Interesting games on January 16

From B-horror to the theft of fine arts in this week's "best of" list!

8 mins read
The Great Artists on

I’m a big fan of for the freedom and open platform that it allows for developers to be creative, experimental, and directly canvas the audience for feedback for games that are not yet ready for primetime on Steam and its ilk. In addition, allows you to be transgressive, subversive, and downright dangerous. It’s a true “art gallery” for game ideas and creative developers, and it should be celebrated for that.

What makes a little difficult at times is finding things that are interesting to play. Discovery is a real issue when great ideas are buried among high school projects and nasty little efforts to scam a quick buck from players. With that in mind, I thought what might be helpful to readers would be if I did a brief write-up of interesting games that I’ve come across on each week. In many cases these games will be unfinished or “in development,” but I’m highlighting them because they promise something special and are well worth keeping on the radar.

Note: I also haven’t played these games. I highlight them as interesting based on the description and concept. Where I find the time to do actual reviews or other coverage, I will compose separate articles on the game in question. These aren’t so much an endorsement (or piece of criticism) as they are a head’s up.

The King’s Dungeon

It has been a while since we last featured a Playdate game on this weekly list, but rest assured, the developers continue to love that tiny game console, and there is plenty being produced. The King’s Dungeon looks like a particularly charming little effort. The Playdate isn’t capable of big and complex games, but by working around its limitations there isn’t much you can’t do. Case-in-point, this is a Metroidvania – a challenging genre of exploration and complex platforming.

The game has a silly concept: You’re playing as a character that got locked in a maze-like dungeon because they ate the king’s cheese, and now you need to help them find a way out. You’ll do that in traditional Metroidvania fashion, by tracking down abilities to give you access to ever-deeper parts of the dungeon. With a lovely 1-bit art style, and an all-new second map, speed timers and more just added, this looks like one of the biggest and best “traditional” games currently available on the console.

The Great Artists

This is a game that is very much after my heart, as it’s about both art and narrative. The Great Artists tells the story of five phantom thieves plying their trade in an art gallery, over the course of 10 minutes. Your role is relatively simple – you’re able to move the camera, stop time, and jump between specific times on the timeline to experience the story specifically to your interests.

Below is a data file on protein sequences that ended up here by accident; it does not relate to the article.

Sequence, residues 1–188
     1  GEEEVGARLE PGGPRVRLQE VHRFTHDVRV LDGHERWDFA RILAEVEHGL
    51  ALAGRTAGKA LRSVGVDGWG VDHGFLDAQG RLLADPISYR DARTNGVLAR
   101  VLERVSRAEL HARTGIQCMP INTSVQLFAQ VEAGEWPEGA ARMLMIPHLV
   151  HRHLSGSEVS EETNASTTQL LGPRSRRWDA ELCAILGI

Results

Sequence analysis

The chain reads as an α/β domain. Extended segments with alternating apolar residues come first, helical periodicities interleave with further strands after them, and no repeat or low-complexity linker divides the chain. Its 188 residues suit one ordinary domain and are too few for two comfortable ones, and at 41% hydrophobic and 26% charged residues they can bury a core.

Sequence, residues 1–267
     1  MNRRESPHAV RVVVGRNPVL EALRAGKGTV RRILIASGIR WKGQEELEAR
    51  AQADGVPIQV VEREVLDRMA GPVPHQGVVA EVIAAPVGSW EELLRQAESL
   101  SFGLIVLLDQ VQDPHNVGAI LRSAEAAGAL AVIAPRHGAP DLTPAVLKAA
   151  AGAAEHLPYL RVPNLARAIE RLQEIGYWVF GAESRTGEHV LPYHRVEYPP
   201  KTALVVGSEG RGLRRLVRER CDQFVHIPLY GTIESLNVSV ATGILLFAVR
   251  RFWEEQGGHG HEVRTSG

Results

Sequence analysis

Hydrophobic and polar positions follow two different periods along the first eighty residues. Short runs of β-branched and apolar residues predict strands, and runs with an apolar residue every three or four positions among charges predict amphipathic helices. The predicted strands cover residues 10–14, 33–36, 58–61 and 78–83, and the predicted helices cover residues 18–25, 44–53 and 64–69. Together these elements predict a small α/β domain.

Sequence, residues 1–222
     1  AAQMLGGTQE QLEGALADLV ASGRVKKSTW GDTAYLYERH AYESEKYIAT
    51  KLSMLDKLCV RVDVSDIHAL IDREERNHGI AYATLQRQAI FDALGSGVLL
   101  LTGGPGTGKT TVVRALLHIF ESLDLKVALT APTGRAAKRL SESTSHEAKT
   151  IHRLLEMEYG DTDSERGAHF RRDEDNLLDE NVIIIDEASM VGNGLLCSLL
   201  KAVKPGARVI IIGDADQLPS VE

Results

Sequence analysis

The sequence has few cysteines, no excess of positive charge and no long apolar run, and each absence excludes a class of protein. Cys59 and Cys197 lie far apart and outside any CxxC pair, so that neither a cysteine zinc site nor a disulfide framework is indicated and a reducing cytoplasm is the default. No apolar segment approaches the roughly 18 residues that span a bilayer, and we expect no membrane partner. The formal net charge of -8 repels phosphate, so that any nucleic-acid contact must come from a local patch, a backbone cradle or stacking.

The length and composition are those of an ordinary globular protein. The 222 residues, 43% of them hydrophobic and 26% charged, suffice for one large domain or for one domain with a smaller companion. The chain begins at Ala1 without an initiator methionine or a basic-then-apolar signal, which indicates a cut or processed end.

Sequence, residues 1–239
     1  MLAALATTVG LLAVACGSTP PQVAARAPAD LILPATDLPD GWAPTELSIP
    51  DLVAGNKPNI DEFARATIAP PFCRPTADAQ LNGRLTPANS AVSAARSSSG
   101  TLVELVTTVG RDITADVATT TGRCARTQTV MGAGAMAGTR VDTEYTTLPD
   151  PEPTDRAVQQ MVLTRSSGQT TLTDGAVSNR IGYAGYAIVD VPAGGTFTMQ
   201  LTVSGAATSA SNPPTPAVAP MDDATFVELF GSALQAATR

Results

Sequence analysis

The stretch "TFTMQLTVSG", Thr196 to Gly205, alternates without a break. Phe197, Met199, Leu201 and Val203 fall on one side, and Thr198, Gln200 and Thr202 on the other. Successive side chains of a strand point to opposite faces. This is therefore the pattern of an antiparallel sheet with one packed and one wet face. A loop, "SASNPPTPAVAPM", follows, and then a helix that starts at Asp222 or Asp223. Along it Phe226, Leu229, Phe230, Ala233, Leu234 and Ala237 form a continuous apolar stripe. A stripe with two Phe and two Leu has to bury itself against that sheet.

In other words, it’s a game that has been designed to be enjoyed for just 15-20 minutes or so, and gives you control over how you experience the narrative without giving you control over the narrative itself. Backed up with a lovely, abstract aesthetic that calls to mind the likes of Van Gogh and the impressionist movement, The Great Artists looks like both a celebration and satire of the art world, and I do love that.

Cannibal Abduction

There are so many horror games released on, and most of them are some kind of homage to the fond memories that the developers had playing them bac in the day. Cannibal Abduction is one such example of this. This game is a homage to the PlayStation 1 era, when Resident Evil, Alone in the Dark, and Silent Hill dominated the genre. It was an era of atmospheric set cameras, blocky polygons that could elicit more fear than they deserved, and gritty little narratives that never overstood their welcome.

In Cannibal Abduction, you’re thrust right into an old-school, B-grade plot. You play as a young man that has been stranded after his car breaks down, and subsequently abducted and imprisoned in a house by a family of cannibals. Your job is to sneak your way around and escape, by hiding cleverly, solving puzzles, and making the most of limited saves (you need to collect tapes to save). There are even multiple endings, based on how you play, to encourage replay value and give you a plot with plenty of secrets that need to be solved, bit by bit. This could be an excellent “modern PSX” title for retro horror fans indeed.

Elonkorjuu – Live Harvest

I know that I tend to be quite hostile to the FPS genre now, but I actually used to enjoy them (it’s mostly because it’s dominated by military themes these days, and game developers lack the intellectual maturity to grapple with those themes). Back in the days of 2D sprites in faux-3D worlds, when Wolfenstein and Doom and Heretic and Hexen ruled supreme, I spent a lot of time playing these games. That’s where Elonkorjuu comes from, and as such, it caught my eye.

You’re actually playing as a vampire/reaper of sorts, where you need to hunt through levels to track down all the living creatures and “harvest” them using your sickle. It’s a dark theme, with wn appealingly dark aesthetic to it, and the developer has even included a level editor with it. You’ll need to know a bit about coding and what-not to make the most of it, but surely there will be some people that embrace that with open arms, and hopefully the game builds a bit of a community around it.

Matt S. is the Editor-in-Chief and Publisher of DDNet. He's been writing about games for over 20 years, including a book, but is perhaps best-known for being the high priest of the Church of Hatsune Miku.

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